Peter Burian tests this remarkably fast, rugged professional DSLR with full frame sensor and over-sized pixels for stunning image quality
Combining the best features and technology of the D3, the Nikon D700 is far more compact/affordable and 9.6 ounces lighter. This new professional model shares the fast EXPEED processor and full-frame 12.1 megapixel CMOS chip and it’s nearly a rugged as the D3 thanks to a weather-resistant magnesium alloy body. The primary differences are a slower (but still fast 5fps ) continuous drive speed, reduced viewfinder coverage (95% vs. 100%) and only a single CompactFlash card slot. But the D700 gains a built-in flash (great for wireless remote flash control) and an automatic sensor cleaner. Add the optional MB-D10 battery grip and it can fire long bursts at a blazing 8fps.
Other valuable features include Live View, ISO levels to 25,600, a 51-point AF system, Nikon’s remarkably effective 3D Tracking Focus and a gorgeous 3″ LCD with 920,000 dots. Resembling the D300 but slightly larger and heavier (by 4.3 oz.) the D700 is a bit more versatile. More importantly, its larger 24x36mm sensor allows any lens to provide the field of view we expected in film photography. This is a definite benefit in wide angle image-making for those who own multi-platform lenses. While the D700 also accepts the smaller DX-series lenses (with field of view cropping), resolution decreases to 5MP as it does with the D3.
Note: Nikon’s third full-frame camera, the 24.5 megapixel D3x, is far more expensive than these two cameras so I won’t discuss that model in this Review.
Features and Technology
This pro-caliber DSLR is built like a tank and it features a full set of analog controls and an absolutely vast range of items in the multi-page menu. No other camera in its league provides more user-selectable options. Basic functions are convenient to access using the buttons or the Quick Settings (info) screen and the menu is quite intuitive. Even so, this is not a camera for DSLR novices as confirmed by the 444 page owner’s manual.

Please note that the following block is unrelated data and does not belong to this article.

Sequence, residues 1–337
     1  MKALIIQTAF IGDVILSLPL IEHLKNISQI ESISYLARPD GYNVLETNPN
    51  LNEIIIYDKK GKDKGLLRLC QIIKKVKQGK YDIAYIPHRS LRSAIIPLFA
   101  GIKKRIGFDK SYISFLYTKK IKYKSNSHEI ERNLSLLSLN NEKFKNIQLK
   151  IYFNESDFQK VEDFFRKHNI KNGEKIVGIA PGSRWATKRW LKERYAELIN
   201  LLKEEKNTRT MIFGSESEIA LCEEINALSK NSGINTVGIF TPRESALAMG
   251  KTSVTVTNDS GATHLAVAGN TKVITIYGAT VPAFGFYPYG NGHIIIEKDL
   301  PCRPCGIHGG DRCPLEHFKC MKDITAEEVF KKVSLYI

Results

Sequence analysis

Important features worth noting include the automatic Active D-Lighting option for slightly greater shadow detail most anytime. In very high contrast lighting, the Normal or High level is more useful although the effect is still not dramatic. The D700 does not include a video mode or an in-camera (sensor shift) image stabilizer available in some DSLRs. Even today, not many serious photographers want to shoot movies and an increasing number of Nikon lenses include a remarkably effective Vibration Reduction stabilizer.
Like the D3 and D300, the newer camera can provide a real-time preview of the scene with two distinct autofocus modes. The “Handheld” Live View mode employs phase-detection AF system, with all 51 points, for quick focus. Granted, there’s a lot of clicking and interruption of the display; that’s typical because the reflex mirror must be lowered for focus acquisition. Switch to “Tripod” mode and autofocus – using contrast-detection technology with a single AF point — allows for focusing without lowering the reflex mirror. Hence, full-time Live View is maintained but Autofocus is very slow in this mode.
Evaluation: Live View is not as simple and quick or as convenient as it is with a compact digicam, but works quite well particularly with manual focus. The new Virtual Horizon Indicator (also available in the viewfinder when Live View is not active) is certainly useful. This amenity makes it easy to keep the camera level to minimize the risk of distorted lines. Faster autofocus, a live exposure histogram and an articulating screen (for low or high level shooting) would have made Live View even more practical.
The D700 also employs Scene Recognition that combines data from the Matrix metering and AF systems for optimal exposures, White Balance and tracking focus. Surprisingly though, the test sample overexposed mid-tones slightly, clipping highlights; that was easily prevented with -0.3 or -0.7 compensation setting. But the AF system was virtually foolproof even in action photography. For the highest success ratio with the erratic motion of soccer players, I used the 11-point AF option and the AF-S 70-200mm f/2.8 zoom with ultrasonic Silent Wave AF motor. For larger subjects approaching the camera at high speed, I recommend using only the central AF point for maximum reliability.